• Pest control. Review and verify that a pest control program is in place and that it uses authorized rodenticides, insecticides, fungicides, fumigating agents, and appropriate traps for pest elimination. (Apply

A large percentage of equipment on the shop floor is currently under statistical process control.

Section VIII. Product Development and Technology Transfer, is strong here, though I recommend that section IV, Infrastructure: Facilities, Utilities, Equipment have material added here.

For root cause analysis, the firm has standardized tools to get a deeper understanding of the influencing factors for problems.

Section II, Quality Systems. The ASQ is strong in root cause analysis, and this is one of those areas where thinking of the CPGP as a industry specific to add to a problem solving certification pathway. Subsection F. “Investigations and Corrective and Preventive Action (CAPA)” covers this well with:

  • Trigger events. Identify events that require: investigation, root cause analysis, and impact assessment both directly and indirectly related to the event. (Evaluate)
  • Response actions. Define immediate action, corrective action, preventive action, management responsibility, and methods of implementing them. (Evaluate)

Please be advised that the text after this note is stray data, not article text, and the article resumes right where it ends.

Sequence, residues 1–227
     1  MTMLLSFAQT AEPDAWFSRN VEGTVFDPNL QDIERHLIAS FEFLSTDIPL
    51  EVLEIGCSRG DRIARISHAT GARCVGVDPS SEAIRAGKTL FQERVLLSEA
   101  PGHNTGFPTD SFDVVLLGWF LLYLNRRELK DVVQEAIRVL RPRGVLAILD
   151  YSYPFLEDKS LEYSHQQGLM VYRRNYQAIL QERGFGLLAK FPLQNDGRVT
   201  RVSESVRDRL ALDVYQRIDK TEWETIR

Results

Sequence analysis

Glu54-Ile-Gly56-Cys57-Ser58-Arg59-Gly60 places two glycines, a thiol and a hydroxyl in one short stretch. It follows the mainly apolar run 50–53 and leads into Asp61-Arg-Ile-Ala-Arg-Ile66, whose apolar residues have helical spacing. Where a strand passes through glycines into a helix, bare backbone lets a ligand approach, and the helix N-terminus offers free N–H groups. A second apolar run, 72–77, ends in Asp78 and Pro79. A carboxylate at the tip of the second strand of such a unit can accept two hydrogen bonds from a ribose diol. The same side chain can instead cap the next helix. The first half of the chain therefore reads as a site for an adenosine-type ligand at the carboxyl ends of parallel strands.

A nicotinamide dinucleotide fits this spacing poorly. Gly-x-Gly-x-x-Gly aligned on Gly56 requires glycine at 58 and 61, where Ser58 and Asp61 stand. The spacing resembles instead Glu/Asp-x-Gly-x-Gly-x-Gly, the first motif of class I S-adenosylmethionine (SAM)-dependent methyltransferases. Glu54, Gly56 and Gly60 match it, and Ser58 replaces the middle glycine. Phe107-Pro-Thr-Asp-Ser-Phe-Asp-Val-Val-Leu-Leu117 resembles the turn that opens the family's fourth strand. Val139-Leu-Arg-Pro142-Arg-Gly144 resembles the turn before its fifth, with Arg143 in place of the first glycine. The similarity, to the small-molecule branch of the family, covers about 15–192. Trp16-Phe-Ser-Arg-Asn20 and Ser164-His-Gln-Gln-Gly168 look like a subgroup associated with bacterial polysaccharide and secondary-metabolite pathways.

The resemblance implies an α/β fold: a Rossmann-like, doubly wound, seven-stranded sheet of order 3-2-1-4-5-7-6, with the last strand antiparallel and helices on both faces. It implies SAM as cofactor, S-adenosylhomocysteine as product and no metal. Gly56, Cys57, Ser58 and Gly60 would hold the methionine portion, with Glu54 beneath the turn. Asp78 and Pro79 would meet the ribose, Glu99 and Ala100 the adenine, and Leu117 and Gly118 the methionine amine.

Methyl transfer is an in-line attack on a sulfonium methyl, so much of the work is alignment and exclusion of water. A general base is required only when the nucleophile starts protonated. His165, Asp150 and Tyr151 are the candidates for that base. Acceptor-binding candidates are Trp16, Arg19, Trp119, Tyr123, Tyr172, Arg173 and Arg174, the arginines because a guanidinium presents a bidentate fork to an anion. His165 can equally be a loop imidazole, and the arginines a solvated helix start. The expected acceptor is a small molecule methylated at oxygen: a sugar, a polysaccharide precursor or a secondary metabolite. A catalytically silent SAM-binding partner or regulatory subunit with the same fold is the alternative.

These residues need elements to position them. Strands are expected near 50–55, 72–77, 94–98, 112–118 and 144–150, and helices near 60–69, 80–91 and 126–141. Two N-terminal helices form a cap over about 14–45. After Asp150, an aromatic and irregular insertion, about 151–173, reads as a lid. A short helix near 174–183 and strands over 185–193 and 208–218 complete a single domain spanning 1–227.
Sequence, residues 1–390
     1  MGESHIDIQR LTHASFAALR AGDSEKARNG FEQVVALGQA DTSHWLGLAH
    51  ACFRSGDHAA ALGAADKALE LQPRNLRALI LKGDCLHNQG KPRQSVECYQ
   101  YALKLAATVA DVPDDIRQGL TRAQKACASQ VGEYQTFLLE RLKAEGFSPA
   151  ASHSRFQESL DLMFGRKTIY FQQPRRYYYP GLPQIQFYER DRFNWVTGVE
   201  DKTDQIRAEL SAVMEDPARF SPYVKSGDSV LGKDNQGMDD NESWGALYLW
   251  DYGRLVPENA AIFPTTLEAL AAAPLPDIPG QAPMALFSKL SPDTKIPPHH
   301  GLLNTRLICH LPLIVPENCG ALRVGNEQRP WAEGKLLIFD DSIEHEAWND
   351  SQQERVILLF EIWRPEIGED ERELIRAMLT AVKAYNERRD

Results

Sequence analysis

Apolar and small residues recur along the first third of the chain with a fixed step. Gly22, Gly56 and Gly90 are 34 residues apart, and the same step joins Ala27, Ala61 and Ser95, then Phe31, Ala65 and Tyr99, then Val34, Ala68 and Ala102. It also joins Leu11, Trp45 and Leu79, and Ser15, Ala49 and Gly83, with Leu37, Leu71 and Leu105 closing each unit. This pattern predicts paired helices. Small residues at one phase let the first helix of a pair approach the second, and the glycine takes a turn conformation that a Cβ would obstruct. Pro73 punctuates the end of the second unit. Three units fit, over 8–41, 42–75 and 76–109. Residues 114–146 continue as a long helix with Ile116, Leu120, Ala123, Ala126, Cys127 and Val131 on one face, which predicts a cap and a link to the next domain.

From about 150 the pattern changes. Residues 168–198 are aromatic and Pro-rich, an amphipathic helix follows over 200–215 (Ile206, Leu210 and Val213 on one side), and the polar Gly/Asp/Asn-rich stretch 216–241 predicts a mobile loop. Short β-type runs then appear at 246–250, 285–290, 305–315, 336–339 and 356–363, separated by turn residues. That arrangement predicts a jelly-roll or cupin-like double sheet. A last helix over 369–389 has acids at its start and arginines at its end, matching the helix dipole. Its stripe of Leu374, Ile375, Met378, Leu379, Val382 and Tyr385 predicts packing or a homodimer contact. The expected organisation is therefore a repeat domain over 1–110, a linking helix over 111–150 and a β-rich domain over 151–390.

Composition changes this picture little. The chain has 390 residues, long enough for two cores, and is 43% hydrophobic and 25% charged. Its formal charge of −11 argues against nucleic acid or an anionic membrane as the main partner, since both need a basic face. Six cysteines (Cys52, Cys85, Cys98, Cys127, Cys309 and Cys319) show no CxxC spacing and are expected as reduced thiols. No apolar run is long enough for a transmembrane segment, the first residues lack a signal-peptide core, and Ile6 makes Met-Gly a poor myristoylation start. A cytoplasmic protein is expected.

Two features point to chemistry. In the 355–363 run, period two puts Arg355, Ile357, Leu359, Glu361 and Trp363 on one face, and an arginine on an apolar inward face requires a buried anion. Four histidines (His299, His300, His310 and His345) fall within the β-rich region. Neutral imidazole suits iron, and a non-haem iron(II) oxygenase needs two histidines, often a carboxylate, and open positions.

• CAPA feedback and trending. Describe how CAPA trending is used to modify appropriate quality system elements. (Create)

Goals and objectives of the manufacturing unit are closely linked and consistent with corporate objectives and the site has a clear focus.

Operational controls and monitoring is throughout the CPGP. This is also a great tie-in with the CMQ/OE.

Manufacturers have joint improvement programs with suppliers to increase performance.

Section 2, K Supplier and Contractor Quality Management breaks this nicely down into Supplier Quality Systems, Supplier Controls and Supplier Evaluation.

All potential bottleneck machines are identified and supplied with additional spare parts.

Section 4, C 1 Equipment planning which covers “Equipment planning Review equipment location, design, construction, installation, and maintenance based on the operations to be conducted. (Apply)” and 3 Equipment cleaning and planning “Review procedures and schedules for equipment cleaning, maintenance, and, where necessary, sanitization to ensure that they meet requirements. (Apply) “

For product and process transfers between different units or sites,standardized procedures exist that ensure a fast, stable and compliant knowledge transfer.

Section VII Product Development and Technology Transfer covers this very thoroughly.

Charts showing the current performance status such as current scrap rates and current up times are posted on the shop floor and visible for everyone.

Discussed throughout the body of knowledge is operational controls and failure rates.

The firm regularly surveys customers’ requirements.

Not explicit in the body of knowledge. Much stronger in other certifications, such as CMQ/OE. Probably a good area to get added.

The firm ranks its suppliers and conducts supplier qualifications and audits.

Section 2, K Supplier and Contractor Quality Management breaks this nicely down into Supplier Quality Systems, Supplier Controls and Supplier Evaluation.